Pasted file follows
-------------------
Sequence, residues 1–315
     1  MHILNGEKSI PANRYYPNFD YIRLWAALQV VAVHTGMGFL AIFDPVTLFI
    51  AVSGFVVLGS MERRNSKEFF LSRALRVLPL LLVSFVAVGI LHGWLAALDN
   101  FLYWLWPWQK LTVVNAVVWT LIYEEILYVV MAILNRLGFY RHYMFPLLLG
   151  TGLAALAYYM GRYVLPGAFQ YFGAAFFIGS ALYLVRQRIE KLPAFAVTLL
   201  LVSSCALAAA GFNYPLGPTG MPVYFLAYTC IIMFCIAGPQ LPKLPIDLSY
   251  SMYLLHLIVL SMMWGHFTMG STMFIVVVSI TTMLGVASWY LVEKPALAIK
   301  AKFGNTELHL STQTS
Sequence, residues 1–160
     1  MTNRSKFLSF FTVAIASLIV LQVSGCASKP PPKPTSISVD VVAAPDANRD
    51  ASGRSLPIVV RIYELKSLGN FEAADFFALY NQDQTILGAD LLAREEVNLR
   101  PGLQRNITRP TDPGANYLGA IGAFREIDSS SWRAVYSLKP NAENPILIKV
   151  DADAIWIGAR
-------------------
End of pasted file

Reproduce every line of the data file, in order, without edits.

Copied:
Sequence, residues 1–315
     1  MHILNGEKSI PANRYYPNFD YIRLWAALQV VAVHTGMGFL AIFDPVTLFI
    51  AVSGFVVLGS MERRNSKEFF LSRALRVLPL LLVSFVAVGI LHGWLAALDN
   101  FLYWLWPWQK LTVVNAVVWT LIYEEILYVV MAILNRLGFY RHYMFPLLLG
   151  TGLAALAYYM GRYVLPGAFQ YFGAAFFIGS ALYLVRQRIE KLPAFAVTLL
   201  LVSSCALAAA GFNYPLGPTG MPVYFLAYTC IIMFCIAGPQ LPKLPIDLSY
   251  SMYLLHLIVL SMMWGHFTMG STMFIVVVSI TTMLGVASWY LVEKPALAIK
   301  AKFGNTELHL STQTS
Sequence, residues 1–160
     1  MTNRSKFLSF FTVAIASLIV LQVSGCASKP PPKPTSISVD VVAAPDANRD
    51  ASGRSLPIVV RIYELKSLGN FEAADFFALY NQDQTILGAD LLAREEVNLR
   101  PGLQRNITRP TDPGANYLGA IGAFREIDSS SWRAVYSLKP NAENPILIKV
   151  DADAIWIGAR